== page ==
The Royal Navy duty Search and Rescue crews from HMS Gannet at Prestwick in Ayrshire have just completed a run of seven call-outs in eight days.
Taking them to the extreme north and south of their usual response area, as well as into Northern Ireland in the west and the Trossachs in the east, the helicopter and its crews have been pushed hard in this last week.
Christmas week, 20-26 December, brought six call-outs for the duty teams, including one on Christmas Day and two on Boxing Day. Three of the calls were to medical transfers from the Isle of Islay, and the others included sorties to Lochgilphead and the Isle of Bute.
The following week, which included Hogmanay and New Year’s Day, however, was unseasonably quiet, but from 3-10 January 2011, the emergency crews stepped back up to full tempo, including one day which took them from the extreme north of their coverage area, Ben Nevis, to the extreme south, in the Lake District.
During that week, six people were rescued after a total of some 13 hours of flying time - an average of nearly two hours per job.
The call-outs included transferring a casualty who had fallen overboard from a boat in Argyll to Crosshouse Hospital in Kilmarnock; transporting a casualty of a road traffic collision from Stirlingshire to hospital in Edinburgh; and a request to search for two missing persons in Northern Ireland.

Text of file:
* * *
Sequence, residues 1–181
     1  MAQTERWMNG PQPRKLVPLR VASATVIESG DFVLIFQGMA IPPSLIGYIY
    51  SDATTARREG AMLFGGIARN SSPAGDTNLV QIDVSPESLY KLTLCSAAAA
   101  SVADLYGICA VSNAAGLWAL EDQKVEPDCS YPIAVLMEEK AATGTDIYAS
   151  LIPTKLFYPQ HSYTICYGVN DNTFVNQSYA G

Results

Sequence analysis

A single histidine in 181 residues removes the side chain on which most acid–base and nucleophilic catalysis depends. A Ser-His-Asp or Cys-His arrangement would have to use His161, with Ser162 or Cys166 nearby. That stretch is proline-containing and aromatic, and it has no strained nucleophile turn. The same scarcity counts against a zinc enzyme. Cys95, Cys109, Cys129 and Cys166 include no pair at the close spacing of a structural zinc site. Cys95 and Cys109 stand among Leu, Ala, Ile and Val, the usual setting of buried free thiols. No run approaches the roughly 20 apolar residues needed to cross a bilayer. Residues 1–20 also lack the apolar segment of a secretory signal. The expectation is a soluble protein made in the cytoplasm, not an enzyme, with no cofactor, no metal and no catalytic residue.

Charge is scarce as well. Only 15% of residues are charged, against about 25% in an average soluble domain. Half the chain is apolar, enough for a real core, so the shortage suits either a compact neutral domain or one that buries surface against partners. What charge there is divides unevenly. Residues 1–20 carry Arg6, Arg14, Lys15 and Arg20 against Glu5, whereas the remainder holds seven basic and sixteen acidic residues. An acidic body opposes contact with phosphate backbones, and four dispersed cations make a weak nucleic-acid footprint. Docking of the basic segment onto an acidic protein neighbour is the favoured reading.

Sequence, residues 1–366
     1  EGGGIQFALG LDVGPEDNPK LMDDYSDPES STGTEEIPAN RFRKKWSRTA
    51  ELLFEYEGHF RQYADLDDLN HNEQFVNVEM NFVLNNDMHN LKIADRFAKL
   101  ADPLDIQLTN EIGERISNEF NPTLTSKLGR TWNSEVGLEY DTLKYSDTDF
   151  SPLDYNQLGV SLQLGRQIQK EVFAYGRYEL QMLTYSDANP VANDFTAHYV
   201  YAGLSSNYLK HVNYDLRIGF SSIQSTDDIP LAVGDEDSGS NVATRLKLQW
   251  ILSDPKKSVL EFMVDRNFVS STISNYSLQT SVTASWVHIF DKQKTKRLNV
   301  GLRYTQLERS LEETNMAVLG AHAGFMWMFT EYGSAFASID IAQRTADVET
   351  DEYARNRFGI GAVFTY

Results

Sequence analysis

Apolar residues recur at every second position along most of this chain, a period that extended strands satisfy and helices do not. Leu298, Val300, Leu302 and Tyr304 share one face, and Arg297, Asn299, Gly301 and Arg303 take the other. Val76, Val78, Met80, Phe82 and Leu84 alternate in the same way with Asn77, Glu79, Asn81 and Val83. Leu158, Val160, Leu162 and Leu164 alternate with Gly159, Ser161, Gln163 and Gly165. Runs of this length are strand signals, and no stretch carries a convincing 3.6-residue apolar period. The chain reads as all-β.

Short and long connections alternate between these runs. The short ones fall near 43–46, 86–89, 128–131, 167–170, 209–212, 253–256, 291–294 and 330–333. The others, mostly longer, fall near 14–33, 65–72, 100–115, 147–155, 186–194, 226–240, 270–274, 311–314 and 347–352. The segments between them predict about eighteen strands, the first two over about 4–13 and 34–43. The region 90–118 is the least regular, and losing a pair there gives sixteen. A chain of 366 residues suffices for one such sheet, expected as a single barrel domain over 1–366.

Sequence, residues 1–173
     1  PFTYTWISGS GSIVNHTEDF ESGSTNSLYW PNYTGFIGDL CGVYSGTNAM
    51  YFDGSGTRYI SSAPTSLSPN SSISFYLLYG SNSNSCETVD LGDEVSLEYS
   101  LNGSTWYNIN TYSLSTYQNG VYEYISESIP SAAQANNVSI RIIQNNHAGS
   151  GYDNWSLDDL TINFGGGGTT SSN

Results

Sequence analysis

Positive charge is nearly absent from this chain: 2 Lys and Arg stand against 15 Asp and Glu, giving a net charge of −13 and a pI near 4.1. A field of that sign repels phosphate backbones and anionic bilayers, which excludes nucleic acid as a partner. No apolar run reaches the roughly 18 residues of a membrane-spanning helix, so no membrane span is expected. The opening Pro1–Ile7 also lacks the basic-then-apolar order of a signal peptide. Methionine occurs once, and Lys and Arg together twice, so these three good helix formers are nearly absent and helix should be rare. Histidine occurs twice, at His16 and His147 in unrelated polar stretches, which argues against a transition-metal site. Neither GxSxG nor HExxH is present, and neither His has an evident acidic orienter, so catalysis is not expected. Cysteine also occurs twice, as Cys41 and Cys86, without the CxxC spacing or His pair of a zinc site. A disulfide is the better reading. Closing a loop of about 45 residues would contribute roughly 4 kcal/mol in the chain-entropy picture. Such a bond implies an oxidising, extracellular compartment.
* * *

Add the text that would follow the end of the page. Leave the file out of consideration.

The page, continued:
On Saturday 8 January, one crew was called both north and south.
At 1340hrs the duty team received a call from Fort William police to aid in the search and subsequent rescue of two fallen climbers on Ben Nevis.
Arriving on scene, aircrewman and paramedic Sergeant Andy Dixon, who is on exchange to the Royal Navy from the Royal Air Force, was winched down to the casualties to assess the next step.
For Sgt Dixon, this was his first major mountain job since his recent start at the unit. He was about to find that the situation was not quite as straightforward as he might have hoped.
Arriving alongside the climbers, Sgt Dixon found that they were both French and spoke no English, therefore making diagnosis very tricky. However, he was able to make an assessment of the pair, and elected to winch the stricken duo straight out in order to expedite the rescue as speedily as possible.
The casualties were then transported rapidly down the mountain to a waiting ambulance and a doctor from the mountain rescue team.
After three hours in the sky, the crew returned to Prestwick at 1635hrs.
They then had all of an hour before their second emergency call came in, this time to the southern extreme of their operational area, to rescue a climber stuck on Great End in the Scafell Range of the Lake District. The crew arrived on scene to find that the Keswick Mountain Rescue Team had already safely recovered the climber, and the helicopter’s services were no longer required.
After their busy day, the crew, comprising pilots Lieutenant George ‘Logie’ Baird and Lieutenant Andy Ellis, observer Lieutenant Commander Dave Reese, and Sergeant Andy Dixon RAF, landed back at Gannet at 1940hrs to recharge their batteries and await the next call.